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Venezuelan leader: U.S. citizens oppressedHAVANA, Cuba (AP) -- Saying that U.S. citizens are oppressed by their own government, Venezuelan President Hugo Chavez promised Friday that he would not visit the United States again until Americans "liberate" their nation.
Chavez, in Havana for trade talks, told an international gathering of activists here that before an earlier trip to Cuba, a U.S. State Department undersecretary he did not identify warned him not to go because he would no longer be received in Washington.
He said he went ahead with that trip anyway, and later traveled to the United States to visit U.S. President George W. Bush, who he said greeted him with a Coca-Cola in his hand.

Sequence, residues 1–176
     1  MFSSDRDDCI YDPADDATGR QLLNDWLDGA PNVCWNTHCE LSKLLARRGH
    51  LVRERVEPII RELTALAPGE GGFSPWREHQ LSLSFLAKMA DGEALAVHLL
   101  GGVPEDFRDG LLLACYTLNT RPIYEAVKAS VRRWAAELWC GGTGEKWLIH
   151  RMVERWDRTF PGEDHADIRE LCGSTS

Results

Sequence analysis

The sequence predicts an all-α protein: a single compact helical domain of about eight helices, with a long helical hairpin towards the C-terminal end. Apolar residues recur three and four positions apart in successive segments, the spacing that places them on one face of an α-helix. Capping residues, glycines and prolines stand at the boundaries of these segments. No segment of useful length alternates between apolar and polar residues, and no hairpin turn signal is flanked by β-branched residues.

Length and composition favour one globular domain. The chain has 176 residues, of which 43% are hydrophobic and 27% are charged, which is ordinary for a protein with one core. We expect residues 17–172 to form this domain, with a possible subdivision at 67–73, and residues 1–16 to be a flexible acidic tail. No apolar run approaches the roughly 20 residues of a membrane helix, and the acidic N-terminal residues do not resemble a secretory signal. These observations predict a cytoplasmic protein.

"I have not returned, nor do I think about returning again, until the people of the United States liberate that nation," said Chavez, saying that Americans are "oppressed" by their government and U.S. media.
Chavez considers Cuban President Fidel Castro a political ally and close personal friend, and Washington has grown increasingly alarmed by their deepening political and economic alliance.
During Chavez's current visit, the two countries have signed a host of economic and other accords, including a deal for Cuba to buy $412 million in goods from the South American nation, with Cuba waiving all import duties.
Venezuela's state oil company also has opened an office in Havana this week, agreeing to help explore for and refine any crude deposits discovered off the island's coast. It also announced that the 53,000 barrels it has been sending to Cuba since 2000 at preferential terms was recently increased to up to 90,000 barrels daily.
Chavez also criticized the current Latin American tour by U.S. Secretary of State Condoleezza Rice, referring to her as an "imperial lady" who is trying to divide and conquer the hemisphere's developing nations.
Despite Chavez's anti-U.S. comments, his country is the world's fifth largest oil exporter and a top crude supplier to the United States.